Fairy Wand, False Unicorn Plant, Devil's Claw

Chamaelirium luteum

Family: Melanthiaceae
Genus: Chamaelirium (kam-ay-LEER-ee-um) (Info)
Species: luteum (LOO-tee-um) (Info)




Foliage Color:

Unknown - Tell us

Bloom Characteristics:

This plant is attractive to bees, butterflies and/or birds

Water Requirements:

Requires consistently moist soil; do not let dry out between waterings

Where to Grow:

Unknown - Tell us


36-48 in. (90-120 cm)


18-24 in. (45-60 cm)


USDA Zone 4a: to -34.4 C (-30 F)

USDA Zone 4b: to -31.6 C (-25 F)

USDA Zone 5a: to -28.8 C (-20 F)

USDA Zone 5b: to -26.1 C (-15 F)

USDA Zone 6a: to -23.3 C (-10 F)

USDA Zone 6b: to -20.5 C (-5 F)

USDA Zone 7a: to -17.7 C (0 F)

USDA Zone 7b: to -14.9 C (5 F)

USDA Zone 8a: to -12.2 C (10 F)

USDA Zone 8b: to -9.4 C (15 F)

Sun Exposure:

Light Shade


Unknown - Tell us

Bloom Color:

White/Near White

Bloom Time:

Mid Summer



Other details:

Unknown - Tell us

Soil pH requirements:

5.6 to 6.0 (acidic)

6.1 to 6.5 (mildly acidic)

6.6 to 7.5 (neutral)

Patent Information:

Unknown - Tell us

Propagation Methods:

By dividing rhizomes, tubers, corms or bulbs (including offsets)

From seed; winter sow in vented containers, coldframe or unheated greenhouse

Seed Collecting:

Unknown - Tell us


This plant has been said to grow in the following regions:

Birmingham, Alabama

Cleveland, Georgia

Tupelo, Mississippi

Germanton, North Carolina

Port Orchard, Washington

Gardeners' Notes:


On Aug 21, 2015, Ted_B from Birmingham, AL (Zone 8a) wrote:

This threatened plant is fairly easily propagated from seed indoors, which is a far better option than attempting to harvest wild specimens. Plants prefer moist but well-drained soils in an area that does not accumulate much leaf mulch. This plant thrives in dappled shade, and is fairly resilient once established. When in need of water, the leaves of its rosettes will begin to go limp. When you see this, just add water, and your plants will keep growing. Soon enough, you will be able to predict a regular watering schedule. Experience has demonstrated this protocol to be more reliable than keeping the soil consistently moist.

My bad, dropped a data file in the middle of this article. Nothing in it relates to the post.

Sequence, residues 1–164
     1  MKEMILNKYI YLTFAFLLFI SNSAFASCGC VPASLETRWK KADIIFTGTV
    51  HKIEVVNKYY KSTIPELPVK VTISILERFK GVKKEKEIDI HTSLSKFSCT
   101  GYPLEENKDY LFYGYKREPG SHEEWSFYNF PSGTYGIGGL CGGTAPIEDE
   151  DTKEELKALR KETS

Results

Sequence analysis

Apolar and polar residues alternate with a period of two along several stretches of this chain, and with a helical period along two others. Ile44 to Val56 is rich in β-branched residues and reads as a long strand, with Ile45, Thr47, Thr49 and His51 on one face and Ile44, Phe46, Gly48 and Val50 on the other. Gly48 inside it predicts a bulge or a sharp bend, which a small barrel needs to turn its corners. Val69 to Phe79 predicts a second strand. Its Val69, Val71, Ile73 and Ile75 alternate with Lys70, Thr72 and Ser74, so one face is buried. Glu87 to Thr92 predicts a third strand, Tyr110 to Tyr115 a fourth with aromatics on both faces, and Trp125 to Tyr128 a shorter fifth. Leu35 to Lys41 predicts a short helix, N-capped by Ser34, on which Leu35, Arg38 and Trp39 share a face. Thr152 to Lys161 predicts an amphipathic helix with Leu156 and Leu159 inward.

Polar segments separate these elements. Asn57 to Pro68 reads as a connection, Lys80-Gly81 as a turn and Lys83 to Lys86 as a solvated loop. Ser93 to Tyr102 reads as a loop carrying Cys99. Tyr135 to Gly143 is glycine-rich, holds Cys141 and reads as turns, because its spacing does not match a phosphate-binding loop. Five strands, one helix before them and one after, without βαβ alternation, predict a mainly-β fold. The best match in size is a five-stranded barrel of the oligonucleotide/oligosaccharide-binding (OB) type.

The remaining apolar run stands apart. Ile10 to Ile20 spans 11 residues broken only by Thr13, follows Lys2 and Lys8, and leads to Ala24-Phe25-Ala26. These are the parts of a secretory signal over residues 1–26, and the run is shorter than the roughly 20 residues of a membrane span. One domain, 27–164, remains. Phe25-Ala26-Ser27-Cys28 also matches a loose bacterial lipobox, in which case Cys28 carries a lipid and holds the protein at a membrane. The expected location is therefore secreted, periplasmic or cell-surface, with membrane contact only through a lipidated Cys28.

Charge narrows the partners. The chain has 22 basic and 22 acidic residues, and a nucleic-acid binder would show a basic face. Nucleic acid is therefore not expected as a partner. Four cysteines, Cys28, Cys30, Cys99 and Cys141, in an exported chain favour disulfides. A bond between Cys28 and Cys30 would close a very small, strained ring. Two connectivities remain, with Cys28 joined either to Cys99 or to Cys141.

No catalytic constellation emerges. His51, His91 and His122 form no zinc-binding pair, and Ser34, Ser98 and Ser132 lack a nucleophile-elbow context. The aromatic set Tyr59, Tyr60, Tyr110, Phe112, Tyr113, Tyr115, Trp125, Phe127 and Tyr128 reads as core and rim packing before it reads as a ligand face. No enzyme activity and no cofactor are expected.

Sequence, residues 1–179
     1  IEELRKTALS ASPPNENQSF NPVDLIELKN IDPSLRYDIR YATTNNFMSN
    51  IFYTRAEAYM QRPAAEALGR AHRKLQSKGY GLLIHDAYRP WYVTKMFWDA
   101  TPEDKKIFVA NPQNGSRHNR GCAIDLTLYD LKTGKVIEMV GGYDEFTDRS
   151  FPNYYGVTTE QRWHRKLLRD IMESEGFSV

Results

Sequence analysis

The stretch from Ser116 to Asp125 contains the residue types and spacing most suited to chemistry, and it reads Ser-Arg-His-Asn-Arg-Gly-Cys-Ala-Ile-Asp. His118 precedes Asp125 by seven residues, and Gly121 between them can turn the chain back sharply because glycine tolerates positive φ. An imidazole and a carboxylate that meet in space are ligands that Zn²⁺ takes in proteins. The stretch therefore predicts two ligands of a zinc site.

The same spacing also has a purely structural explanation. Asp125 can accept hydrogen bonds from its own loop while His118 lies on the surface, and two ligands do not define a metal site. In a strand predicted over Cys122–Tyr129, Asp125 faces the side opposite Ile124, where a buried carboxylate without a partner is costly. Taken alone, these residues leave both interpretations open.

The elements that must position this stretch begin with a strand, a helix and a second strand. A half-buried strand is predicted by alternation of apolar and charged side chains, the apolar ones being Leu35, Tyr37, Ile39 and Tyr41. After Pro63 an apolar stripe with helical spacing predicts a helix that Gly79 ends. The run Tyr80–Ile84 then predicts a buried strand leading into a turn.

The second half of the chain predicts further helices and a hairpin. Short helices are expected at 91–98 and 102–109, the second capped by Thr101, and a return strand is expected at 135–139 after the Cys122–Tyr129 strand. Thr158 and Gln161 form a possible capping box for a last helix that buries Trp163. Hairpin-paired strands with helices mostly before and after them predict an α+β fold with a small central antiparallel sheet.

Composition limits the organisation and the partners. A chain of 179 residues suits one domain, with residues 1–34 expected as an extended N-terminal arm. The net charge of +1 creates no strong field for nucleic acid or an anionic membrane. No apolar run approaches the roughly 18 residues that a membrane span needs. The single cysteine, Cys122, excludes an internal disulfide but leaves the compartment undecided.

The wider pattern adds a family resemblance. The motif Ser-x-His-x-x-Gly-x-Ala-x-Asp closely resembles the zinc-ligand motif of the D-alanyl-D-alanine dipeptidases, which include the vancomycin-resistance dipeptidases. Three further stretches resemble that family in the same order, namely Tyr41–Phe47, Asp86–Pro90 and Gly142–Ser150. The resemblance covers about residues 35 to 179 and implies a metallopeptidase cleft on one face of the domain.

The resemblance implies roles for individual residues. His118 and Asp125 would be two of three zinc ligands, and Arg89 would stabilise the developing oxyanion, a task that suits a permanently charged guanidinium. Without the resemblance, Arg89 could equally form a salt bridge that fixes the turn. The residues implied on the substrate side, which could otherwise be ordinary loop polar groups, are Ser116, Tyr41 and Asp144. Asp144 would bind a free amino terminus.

On May 31, 2014, Doofcat from GERMANTON, NC wrote:

Five plants growing naturally on moist but well drained clearing in mesic hardwood forest in northern Piedmont of NC. I watched the plants for 3 years thinking they were a plaintain because of the rosettes. They did not bloom during those seasons. This year two of the plants grew larger and produced beautiful blooms, male and female plants. The male plant is shorter and has much longer raceme. The female plant is tall and stalky with more bracts and produced a shorter,rounder flower. Will try seed gathering this fall and see what happens.


On May 14, 2013, kattykorn from Cleveland, GA (Zone 7a) wrote:

Found growing in hardwood forest in fairly heavy shade. Beautiful leaf rosette, lovely little plant. According to my research can be propagated by seed but best from rhizome division. Has herbal uses, mostly related to infertility and to prevent miscarriage. Toxic in large amounts. Only noticed two plants because of the blooms, but apparently they will persist for years in heavy shade without blooming. So will search for more. I consider this a keeper and will attempt to propagate. Need both male and female plants for seed, so hope I have both.


On Sep 11, 2001, Terry from Murfreesboro, TN (Zone 7a) wrote:

Plants are either male or female; both sexes required for fertile seed. The fruit is a small pod which splits open into three parts, the dry empty shells remaining on the stem.